By the end of 2023, 10% of states in the U.S. will be covered by data privacy legislation, noted Jones. This lack of a universal standard for data privacy has created an artificial layer of business complexity.

Add to that, today’s hybrid work environment has created new levels of risk which has complicated compliance with myriad privacy concerns.

What’s at Stake

To enhance productivity, organizations may need to ask employees detailed questions about their behavior and work-from-home arrangements. These types of questions can create their own unintended privacy impacts, according to Jones.

The recent convergence of personally identifiable information (PII) and protected health information (PHI) has also put highly-confidential data at risk. This includes workers’ compensation reports, employees’ and patients’ health records, and confidential test results like Covid-19 notifications.

“With 65% of the world’s population expected to have personal data covered under privacy regulations by next year, respecting data privacy has never been more critical,” said Jones.

Cloud Privacy Hurdles

Data privacy and security are top challenges for implementing a cloud strategy, according to a recent study by IDG, now rebranded as Foundry. In this study, data security’s role was a prominent concern.

When implementing a cloud strategy, IT decision-makers or ITDMs are running into challenges such as controlling cloud costs, data privacy and security challenges, and lack of cloud security skills/expertise.

With a more stringent focus on securing privacy data, that issue looms large as more organizations migrate to the cloud. The IDG study found that two chief hurdles were data privacy and security challenges, and a lack of cloud security skills/expertise.

Spending on cloud infrastructure is up by some $5 million this year, according to Foundry.

“Although enterprise businesses are leading the charge, SMBs are not far behind when it comes to cloud migration,” said Stacey Raap, marketing and research manager at Foundry when the report was released.

“As more organizations move toward fully being in the cloud, IT teams will need the proper talent and resources to manage their cloud infrastructure and overcome any security and privacy hurdles that come with being in the cloud,” she noted.

Achieving Compliance

Organizations can successfully prepare for data privacy legislation, but doing so requires making data privacy initiatives a “full-time job,” Jones maintained.

“Too many organizations view data privacy as a part-time project for their web teams, rather than a full-time business initiative that can significantly impact customer relations, employee morale, and brand reputation,” he offered.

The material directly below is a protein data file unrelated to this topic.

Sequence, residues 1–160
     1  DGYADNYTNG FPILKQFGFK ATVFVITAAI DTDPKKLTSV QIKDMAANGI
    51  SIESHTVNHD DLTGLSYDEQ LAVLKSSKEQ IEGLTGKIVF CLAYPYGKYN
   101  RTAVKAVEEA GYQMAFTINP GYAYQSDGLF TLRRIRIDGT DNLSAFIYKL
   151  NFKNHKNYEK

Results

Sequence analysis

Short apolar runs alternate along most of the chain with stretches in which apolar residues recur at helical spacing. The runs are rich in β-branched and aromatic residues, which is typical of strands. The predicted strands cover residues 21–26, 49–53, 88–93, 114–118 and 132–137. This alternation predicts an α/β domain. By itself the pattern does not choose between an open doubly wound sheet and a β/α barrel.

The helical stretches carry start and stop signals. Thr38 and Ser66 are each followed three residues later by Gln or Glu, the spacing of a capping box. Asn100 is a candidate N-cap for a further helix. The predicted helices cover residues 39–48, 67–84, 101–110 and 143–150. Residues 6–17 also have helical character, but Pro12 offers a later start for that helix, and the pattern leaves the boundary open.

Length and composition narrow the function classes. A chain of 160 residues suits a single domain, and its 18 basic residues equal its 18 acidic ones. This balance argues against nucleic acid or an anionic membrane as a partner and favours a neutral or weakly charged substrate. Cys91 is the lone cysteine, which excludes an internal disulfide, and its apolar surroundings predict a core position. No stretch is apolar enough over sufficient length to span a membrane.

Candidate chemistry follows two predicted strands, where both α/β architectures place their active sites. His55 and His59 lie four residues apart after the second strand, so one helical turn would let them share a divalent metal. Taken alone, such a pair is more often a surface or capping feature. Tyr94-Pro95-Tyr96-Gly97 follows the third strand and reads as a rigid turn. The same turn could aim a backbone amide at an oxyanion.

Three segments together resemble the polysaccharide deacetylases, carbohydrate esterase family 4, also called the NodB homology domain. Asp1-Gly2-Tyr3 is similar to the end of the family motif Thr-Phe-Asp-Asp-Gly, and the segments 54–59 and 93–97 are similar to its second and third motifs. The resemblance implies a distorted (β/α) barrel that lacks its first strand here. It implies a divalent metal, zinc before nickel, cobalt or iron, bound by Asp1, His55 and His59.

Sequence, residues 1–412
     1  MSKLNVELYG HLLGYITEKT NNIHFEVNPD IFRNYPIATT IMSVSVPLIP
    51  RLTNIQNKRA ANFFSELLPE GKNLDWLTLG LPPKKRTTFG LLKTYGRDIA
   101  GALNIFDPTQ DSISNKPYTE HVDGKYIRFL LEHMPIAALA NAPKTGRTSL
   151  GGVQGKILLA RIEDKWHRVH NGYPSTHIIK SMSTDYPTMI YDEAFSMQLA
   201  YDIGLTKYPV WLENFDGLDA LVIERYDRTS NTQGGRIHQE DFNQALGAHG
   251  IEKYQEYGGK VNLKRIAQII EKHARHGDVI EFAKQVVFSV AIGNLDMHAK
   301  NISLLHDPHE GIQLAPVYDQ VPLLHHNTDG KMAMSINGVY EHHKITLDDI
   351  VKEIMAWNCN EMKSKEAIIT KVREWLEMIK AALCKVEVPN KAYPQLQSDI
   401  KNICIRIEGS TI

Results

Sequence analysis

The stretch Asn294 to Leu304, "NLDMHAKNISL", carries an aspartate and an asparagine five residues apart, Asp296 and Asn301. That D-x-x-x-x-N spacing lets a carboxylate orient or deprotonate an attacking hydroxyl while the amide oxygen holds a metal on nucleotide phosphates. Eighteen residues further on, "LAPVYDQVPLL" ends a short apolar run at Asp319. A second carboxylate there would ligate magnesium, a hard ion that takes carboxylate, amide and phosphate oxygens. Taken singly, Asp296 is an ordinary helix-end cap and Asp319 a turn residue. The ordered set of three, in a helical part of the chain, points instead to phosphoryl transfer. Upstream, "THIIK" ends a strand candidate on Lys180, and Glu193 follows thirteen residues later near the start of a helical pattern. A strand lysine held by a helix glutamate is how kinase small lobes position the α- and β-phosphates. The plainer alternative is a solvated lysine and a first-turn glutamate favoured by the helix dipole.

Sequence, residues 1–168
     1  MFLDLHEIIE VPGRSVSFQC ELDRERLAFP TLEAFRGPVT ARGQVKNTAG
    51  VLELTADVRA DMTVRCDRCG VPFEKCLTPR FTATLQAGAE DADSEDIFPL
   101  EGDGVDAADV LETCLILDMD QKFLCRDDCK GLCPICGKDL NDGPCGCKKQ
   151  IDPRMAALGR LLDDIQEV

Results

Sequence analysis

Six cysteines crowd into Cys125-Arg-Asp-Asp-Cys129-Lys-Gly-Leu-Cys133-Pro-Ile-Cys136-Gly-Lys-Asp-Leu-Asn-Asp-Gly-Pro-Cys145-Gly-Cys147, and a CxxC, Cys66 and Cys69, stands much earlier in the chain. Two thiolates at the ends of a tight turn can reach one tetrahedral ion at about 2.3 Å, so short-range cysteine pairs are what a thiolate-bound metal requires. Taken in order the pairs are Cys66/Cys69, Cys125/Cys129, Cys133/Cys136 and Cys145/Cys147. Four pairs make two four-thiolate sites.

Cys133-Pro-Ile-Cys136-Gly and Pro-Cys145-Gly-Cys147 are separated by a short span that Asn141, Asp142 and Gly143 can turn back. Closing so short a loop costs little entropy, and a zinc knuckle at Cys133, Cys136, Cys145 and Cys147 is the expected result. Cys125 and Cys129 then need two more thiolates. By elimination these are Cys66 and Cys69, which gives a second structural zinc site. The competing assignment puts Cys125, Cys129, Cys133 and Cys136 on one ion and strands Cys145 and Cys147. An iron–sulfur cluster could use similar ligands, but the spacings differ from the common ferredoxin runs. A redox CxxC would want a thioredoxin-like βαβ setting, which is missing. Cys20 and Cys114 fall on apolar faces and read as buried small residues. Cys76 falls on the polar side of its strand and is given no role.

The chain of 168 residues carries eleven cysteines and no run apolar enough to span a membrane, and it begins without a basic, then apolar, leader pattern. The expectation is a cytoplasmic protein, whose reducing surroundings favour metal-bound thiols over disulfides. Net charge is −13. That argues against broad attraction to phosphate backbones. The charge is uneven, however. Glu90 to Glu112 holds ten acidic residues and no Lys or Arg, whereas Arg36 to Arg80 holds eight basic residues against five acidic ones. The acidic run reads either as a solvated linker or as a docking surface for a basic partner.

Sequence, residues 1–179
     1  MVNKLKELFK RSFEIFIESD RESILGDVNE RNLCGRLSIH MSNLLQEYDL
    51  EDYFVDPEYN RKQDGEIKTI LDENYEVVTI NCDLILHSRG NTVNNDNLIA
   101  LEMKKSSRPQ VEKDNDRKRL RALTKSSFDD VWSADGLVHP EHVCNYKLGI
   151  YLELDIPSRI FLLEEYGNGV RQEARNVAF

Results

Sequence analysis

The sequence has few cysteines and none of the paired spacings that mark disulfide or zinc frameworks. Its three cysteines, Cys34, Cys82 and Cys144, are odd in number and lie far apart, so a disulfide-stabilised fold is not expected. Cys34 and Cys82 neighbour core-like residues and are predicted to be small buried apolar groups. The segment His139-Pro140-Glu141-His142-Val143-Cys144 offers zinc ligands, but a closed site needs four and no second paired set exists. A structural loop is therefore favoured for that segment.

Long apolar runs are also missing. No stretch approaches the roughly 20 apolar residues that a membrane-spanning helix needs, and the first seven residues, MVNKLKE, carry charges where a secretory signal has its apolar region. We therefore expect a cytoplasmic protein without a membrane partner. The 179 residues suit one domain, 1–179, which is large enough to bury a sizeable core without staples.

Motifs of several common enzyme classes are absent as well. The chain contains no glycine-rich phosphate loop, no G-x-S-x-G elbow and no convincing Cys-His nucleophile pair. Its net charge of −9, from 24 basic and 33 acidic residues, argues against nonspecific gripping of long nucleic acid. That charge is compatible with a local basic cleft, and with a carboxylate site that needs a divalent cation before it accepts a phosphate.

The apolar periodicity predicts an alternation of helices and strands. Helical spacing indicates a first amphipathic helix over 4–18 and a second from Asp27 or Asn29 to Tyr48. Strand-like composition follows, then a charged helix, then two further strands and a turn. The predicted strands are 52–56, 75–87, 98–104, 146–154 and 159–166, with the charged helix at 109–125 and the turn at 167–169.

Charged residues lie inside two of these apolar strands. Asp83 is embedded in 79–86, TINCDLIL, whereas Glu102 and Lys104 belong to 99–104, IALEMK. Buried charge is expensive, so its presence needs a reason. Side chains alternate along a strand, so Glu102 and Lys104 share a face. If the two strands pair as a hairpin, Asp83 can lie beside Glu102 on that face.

Beyond that step comes establishing holistic data governance programs that provide more visibility into the company’s regulated and sensitive data. Added to that is working with trusted business and technology partners who understand the data privacy space and can help you prepare for rapidly evolving regulations.

Perhaps the most dynamic approach is to use an Advanced Privacy & Compliance (APC) solution, suggested Jones. This enables organizations to comply with global privacy regulations conveniently, in one place.

Specifically, APCs can help achieve compliance by:

  • Managing Data Subject Access Requests (DSARs) like individuals’ right to be informed about the personal data collected on them, the right to opt-out of personal information being sold to others, or the right to be forgotten by collecting organizations
  • Assessing a company’s compliance preparedness and scope with specific regulations (e.g., GDPR, CCPA)
  • Creating and reviewing third-party vendors’ technical assessments and evaluating potential risks to consumers’ data
  • Augmenting cookie consent capabilities like integration of cookie consent into compliance workflows

Proactive Diligence

It can be difficult for companies to understand today’s rapidly-evolving privacy landscape, as well as how specific regulations apply to them, Jones said. However, by taking proactive steps, organizations can stay on top of data privacy regulations in the future.

Those steps include these ongoing tasks:

  • Monitor the status of data privacy regulations in the countries, provinces, and states where the customer base lives
  • Create a data privacy task force that can improve organizational focus and enhance senior executive attention on privacy initiatives